South Africa’s telecom sector boasts one of the most advanced infrastructures on the continent. There is has been considerable investment from Telkom, Liquid Telecom South Africa, Broadband InfraCo and municipal providers as well as from mobile network operators all aimed at improving network capabilities. The focus in recent years has been on backhaul capacity and on fibre and LTE networks to extend and improve internet service connectivity.
The poor historic availability and level of service of fixed-line networks encouraged the growth of the mobile sector for both voice and data services and this segment continues to command most investment and effort among telcos. Under a converged regulatory regime many alternative service providers have been able to enter the market to offer a range of services. Proposed amendments to the Communications Act are intended to improve the ability of new entrants to access networks and further develop a competitive market landscape.
The end of Telkom’s monopoly on international submarine fibre optic cables also reduced the cost of telecom services dramatically. New cables are extending connectivity to India, Brazil and onto the USA, which will further increase international bandwidth and so improve services generally.
Other key regulatory matters aimed at shaping the market include the licensing of LTE spectrum in several bands. A multi-spectrum auction, delayed since late 2016 and which has caused some difficulties for mobile network operators desperately short of spectrum and which have had to rely on spectrum refarming and other measures to increase network capacity, is scheduled for mid-2019.
To develop competition the government created Broadband InfraCo, a national infrastructure company to provide cheap backbone network capacity to service providers. Since late 2017 the government has promoted a scheme to merge Broadband Infraco with Sentech's satellite service to create a national broadband network managed by a single broadband provider.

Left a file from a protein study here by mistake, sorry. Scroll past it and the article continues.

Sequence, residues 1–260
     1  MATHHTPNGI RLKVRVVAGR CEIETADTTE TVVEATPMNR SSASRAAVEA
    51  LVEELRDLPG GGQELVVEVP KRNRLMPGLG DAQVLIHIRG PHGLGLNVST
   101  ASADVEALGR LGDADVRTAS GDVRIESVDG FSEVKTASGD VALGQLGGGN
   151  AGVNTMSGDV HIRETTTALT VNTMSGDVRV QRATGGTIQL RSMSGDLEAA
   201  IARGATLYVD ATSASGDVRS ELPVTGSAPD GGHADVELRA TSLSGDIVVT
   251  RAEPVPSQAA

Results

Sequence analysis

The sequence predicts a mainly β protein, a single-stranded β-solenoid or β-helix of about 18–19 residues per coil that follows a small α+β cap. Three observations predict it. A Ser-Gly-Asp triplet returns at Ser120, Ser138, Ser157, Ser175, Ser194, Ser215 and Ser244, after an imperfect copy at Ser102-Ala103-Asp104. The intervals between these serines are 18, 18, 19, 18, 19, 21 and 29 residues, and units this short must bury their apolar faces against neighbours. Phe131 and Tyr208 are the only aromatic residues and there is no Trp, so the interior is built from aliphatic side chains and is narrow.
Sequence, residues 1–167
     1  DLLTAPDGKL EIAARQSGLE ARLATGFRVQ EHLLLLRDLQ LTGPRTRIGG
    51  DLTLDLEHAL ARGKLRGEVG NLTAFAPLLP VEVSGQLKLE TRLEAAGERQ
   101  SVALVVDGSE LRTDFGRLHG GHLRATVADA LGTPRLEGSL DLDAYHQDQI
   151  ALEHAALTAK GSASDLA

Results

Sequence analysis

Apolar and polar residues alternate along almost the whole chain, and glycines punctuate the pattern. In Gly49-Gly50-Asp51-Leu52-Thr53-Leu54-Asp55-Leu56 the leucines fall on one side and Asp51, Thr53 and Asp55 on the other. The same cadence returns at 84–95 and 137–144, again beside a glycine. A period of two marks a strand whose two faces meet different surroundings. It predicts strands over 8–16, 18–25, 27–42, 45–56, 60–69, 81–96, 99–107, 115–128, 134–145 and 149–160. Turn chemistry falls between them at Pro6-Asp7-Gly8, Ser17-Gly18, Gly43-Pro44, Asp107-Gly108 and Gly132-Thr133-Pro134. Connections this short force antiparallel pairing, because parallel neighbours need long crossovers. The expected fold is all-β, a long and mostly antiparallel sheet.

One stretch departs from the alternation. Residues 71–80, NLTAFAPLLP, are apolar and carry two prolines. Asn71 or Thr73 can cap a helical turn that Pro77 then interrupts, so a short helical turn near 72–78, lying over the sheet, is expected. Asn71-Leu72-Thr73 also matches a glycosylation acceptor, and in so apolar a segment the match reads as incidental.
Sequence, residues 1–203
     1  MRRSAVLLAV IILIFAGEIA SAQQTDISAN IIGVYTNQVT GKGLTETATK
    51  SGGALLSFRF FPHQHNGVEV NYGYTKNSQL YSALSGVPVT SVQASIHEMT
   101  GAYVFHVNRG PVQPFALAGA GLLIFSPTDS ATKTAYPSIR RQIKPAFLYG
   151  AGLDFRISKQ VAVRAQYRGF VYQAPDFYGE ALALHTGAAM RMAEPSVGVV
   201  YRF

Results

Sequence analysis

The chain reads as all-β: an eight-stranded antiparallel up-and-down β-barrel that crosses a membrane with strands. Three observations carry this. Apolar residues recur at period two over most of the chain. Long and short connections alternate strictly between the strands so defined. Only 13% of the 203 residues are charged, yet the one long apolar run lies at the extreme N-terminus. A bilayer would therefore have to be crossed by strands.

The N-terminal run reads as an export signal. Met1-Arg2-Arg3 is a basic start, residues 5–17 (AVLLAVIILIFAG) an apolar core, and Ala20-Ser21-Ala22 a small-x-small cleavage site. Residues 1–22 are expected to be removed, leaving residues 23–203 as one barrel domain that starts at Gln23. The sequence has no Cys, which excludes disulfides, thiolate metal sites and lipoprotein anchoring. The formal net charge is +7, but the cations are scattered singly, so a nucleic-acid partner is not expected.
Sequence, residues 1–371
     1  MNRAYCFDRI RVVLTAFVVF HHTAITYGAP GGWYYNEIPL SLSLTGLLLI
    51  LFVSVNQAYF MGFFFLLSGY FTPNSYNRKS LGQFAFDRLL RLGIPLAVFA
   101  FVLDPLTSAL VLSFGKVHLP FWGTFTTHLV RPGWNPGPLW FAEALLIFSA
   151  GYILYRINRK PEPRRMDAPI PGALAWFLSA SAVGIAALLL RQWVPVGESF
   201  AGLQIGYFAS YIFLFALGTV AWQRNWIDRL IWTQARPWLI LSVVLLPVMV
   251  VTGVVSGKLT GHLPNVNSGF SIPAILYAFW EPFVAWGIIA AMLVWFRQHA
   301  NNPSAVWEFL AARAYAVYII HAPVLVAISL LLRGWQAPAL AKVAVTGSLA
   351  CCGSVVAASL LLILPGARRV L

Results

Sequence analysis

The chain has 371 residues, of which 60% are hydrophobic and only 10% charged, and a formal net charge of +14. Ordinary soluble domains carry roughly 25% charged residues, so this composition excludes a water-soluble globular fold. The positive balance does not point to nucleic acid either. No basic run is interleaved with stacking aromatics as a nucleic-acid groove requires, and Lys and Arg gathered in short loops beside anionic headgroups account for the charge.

The major mobile network operators, Vodacom, MTN and Cell C, have also moved into the fixed-line and national fibre sector under a converged, service-neutral licensing regime. In addition, many municipalities in South Africa are implementing their own metropolitan fibre and wireless broadband networks, while several Fibre-to-the-Premises (FttP) deployments are underway.
Telkom, Liquid Telecom South Africa (Neotel), Vodacom, MTN, Cell C, Virgin Mobile, Broadband InfraCo, Transtel, Eskom, SEACOM, Telkom, Neotel (Tata), Vodacom, MTN, Broadband InfraCo, Transtel, Eskom, SITA, Sentech, SEACOM, Dark Fibre Africa (DFA), Internet Solutions, FibreCo, eFive, WASACE.
Table of Contents
List of Tables
List of Charts
Companies (Major Players)
Mobile & Wireless Broadband and Media
Mobile Communications (voice and infrastructure)
Regulations & Government Policies
Strategies & Analyses (Industry & Markets)
Number of pages 70
Last updated 2 May 2019
Analyst: Henry Lancaster
In 2009 Paul contacted me and we engaged in the brainstorming sessions that led to the development of the UN Broadband Commission for Digital Development.
Paul is a visionary with a keen strategic approach. He is a powerful communicator, provides succinct analyses and has a complete knowledge of all the key information and communications technologies relating to broadband.
Dr Hamadoun Touré, Secretary General International Telecommunications Union (ITU) 2006-2014
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